New translations tracing decades of Beauvoir's leftist political engagement during the turbulent era of decolonization, from articles exposing conditions in fascist Spain and Portugal in 1945 and hard hitting attacks on right-wing intellectuals in the 1950s, to a 1962 defense of an Algerian freedom fighter, Djamila Boupacha, and a 1975 article calling for the 'two state solution' in Israel. The texts range from a surprising 1952 defense of the misogynistic 18th c. pornographer, the Marquis de Sade, to the transcription of (...) a co-written 1974 documentary film on the aged in France. (shrink)
: Events surrounding the September 11 terrorist attacks on the United States raise compelling moral questions about the effects of war and globalization on children in many parts of the world. This paper adopts Sartre's notion of freedom, particularly its connection with materiality and intersubjectivity, to assess the moral responsibility that we have as a global community toward our most vulnerable members. We conclude by examining important first steps that should be taken to address the plight of children.
The major dilemma for bioethics is choosing an appropriate method of ethical analysis, one that when applied to individual cases can illuminate if not resolve vexing ethical issues for providers and their patients. Two of these books offer direction in this regard. The framework Carson Strong adopts and makes a compelling case for in EthicsinReproductiveandPerinatalMedicine:ANewFramework is one of modified casuistry. Casuistry, imported to bioethics by Jonsen and Toulmin, is a practical, case-based method of ethical decisionmaking. It relies on comparison between (...) moral factors in a case under consideration and in paradigm cases with justifications for different outcomes. The preferred course of action is the one warranted by the paradigm case that most resembles the case under consideration. Strong's framework is a modified form of casuistry because it takes into account social and political views and allows for, upon occasion, a prioritization of values across cases. (shrink)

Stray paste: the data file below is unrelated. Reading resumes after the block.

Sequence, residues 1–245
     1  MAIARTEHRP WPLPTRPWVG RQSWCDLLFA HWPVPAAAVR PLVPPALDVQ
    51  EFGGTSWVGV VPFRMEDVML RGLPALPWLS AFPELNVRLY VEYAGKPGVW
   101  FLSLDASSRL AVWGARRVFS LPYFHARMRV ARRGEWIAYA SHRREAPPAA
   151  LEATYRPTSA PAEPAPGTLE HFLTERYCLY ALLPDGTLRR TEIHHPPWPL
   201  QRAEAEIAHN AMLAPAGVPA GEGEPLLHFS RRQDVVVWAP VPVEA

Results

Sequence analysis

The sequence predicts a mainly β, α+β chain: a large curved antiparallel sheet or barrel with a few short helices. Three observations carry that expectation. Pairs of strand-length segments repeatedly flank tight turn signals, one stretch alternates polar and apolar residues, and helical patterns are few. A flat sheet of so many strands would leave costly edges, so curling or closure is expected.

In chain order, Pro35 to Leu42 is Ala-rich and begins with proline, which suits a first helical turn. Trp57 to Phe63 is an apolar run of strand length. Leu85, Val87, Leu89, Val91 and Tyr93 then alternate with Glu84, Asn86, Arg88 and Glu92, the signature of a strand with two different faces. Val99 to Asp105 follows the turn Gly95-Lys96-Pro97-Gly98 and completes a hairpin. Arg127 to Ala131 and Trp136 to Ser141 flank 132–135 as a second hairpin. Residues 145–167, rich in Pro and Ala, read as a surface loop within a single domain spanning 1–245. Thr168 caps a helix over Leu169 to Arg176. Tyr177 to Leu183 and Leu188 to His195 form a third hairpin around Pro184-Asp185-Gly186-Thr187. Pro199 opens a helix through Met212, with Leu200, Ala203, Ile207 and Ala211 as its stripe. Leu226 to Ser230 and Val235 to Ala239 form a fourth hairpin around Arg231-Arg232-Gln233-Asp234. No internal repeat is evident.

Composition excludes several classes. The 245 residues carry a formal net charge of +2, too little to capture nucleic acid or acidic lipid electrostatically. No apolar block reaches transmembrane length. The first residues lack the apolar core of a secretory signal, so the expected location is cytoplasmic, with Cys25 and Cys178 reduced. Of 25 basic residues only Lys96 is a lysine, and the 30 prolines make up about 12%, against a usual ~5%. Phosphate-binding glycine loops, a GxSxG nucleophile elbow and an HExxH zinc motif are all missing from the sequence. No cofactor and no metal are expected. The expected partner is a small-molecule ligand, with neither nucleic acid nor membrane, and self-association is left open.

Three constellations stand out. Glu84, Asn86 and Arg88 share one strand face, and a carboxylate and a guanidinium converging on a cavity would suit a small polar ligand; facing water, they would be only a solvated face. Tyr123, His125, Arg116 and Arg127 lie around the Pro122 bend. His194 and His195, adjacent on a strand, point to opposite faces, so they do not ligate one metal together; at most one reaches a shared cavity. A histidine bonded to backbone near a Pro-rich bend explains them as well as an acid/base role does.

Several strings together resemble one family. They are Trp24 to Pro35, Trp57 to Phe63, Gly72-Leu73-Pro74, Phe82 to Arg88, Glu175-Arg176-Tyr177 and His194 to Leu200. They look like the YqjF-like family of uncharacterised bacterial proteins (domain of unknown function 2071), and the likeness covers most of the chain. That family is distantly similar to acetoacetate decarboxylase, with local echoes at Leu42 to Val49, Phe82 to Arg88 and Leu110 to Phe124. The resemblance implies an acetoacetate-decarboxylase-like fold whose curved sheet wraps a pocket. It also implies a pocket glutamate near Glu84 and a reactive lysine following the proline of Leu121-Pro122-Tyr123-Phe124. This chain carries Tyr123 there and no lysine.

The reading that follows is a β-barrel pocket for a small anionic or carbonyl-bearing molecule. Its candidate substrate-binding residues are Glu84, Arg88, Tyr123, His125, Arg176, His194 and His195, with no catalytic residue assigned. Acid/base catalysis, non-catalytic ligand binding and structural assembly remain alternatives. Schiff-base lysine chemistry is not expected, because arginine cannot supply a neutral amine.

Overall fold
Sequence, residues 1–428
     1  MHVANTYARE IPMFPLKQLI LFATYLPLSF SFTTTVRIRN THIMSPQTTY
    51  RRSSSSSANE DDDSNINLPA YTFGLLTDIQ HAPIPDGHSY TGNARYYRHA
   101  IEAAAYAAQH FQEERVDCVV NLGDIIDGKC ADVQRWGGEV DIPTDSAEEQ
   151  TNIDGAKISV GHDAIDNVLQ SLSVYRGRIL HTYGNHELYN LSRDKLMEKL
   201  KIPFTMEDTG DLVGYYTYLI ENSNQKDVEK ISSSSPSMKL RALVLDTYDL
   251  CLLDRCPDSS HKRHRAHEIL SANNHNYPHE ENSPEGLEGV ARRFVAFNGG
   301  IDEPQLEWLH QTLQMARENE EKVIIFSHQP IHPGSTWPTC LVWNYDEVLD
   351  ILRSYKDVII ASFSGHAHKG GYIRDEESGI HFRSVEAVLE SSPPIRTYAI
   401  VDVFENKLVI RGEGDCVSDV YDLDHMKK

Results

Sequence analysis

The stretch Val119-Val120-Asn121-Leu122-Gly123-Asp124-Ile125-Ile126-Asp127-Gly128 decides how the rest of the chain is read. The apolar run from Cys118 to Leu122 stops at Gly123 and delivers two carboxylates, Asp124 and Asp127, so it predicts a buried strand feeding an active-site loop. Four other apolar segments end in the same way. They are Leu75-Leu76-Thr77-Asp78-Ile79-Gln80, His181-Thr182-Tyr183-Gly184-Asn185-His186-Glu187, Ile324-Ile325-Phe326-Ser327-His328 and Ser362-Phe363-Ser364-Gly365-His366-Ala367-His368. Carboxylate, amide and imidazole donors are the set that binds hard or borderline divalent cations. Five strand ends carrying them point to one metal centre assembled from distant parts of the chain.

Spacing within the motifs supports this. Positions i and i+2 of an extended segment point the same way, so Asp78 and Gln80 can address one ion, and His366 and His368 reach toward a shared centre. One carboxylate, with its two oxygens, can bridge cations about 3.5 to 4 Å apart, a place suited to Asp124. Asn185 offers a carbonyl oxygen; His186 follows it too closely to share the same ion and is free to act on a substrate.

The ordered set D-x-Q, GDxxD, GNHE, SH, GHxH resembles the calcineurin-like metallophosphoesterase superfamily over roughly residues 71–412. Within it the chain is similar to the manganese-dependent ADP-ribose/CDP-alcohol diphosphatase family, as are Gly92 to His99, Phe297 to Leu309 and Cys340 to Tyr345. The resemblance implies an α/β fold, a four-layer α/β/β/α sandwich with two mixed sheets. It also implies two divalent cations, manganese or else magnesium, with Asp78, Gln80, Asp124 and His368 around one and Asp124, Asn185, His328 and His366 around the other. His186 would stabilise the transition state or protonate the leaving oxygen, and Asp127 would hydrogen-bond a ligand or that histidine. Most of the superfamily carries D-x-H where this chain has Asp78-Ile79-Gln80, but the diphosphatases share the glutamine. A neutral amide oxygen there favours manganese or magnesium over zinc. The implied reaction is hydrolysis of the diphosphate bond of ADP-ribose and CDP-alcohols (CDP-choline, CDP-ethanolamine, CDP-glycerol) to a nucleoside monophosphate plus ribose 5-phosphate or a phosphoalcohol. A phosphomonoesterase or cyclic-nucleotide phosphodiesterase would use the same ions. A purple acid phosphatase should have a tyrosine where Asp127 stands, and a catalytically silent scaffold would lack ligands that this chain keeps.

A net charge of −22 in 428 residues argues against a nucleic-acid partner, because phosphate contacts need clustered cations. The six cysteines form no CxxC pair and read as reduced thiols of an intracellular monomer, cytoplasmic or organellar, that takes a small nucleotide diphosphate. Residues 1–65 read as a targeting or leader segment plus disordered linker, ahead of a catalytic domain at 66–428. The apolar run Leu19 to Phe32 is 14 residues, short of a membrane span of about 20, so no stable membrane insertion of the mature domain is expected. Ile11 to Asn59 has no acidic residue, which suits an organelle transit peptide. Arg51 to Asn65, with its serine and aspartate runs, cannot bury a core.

To what extent are women obliged to be child-bearers? If reproductive technology could offer some form of ectogenesis, would feminists regard it as a liberating reproductive option? Three lines of reproductive rights arguments currently used by feminists are applied to ectogenesis. Each fails to provide strong grounds for prohibiting it. Yet, there are several ways in which ectogenesis could contribute to women's oppression, in particular, if it were used to undermine abortion rights, reinforce traditional views of fertility, increase fetal rights (...) in pregnancy, and perpetuate the unequal distribution of scarce medical resources. A re-thinking of women's relationship to pregnancy is needed in order to challenge ectogenetic research. (shrink)
The relevance of Sartre's theory of "the look" for feminist philosophy is evaluated through juxtaposition of his analysis with images of women's oppression in Rich's early poetry. A theory of liberation that recognizes the existential dimensions of women's situations is presented. Following traces of feminist vision in Rich's recent work challenges the category of "woman" which lies at the root of the sexism.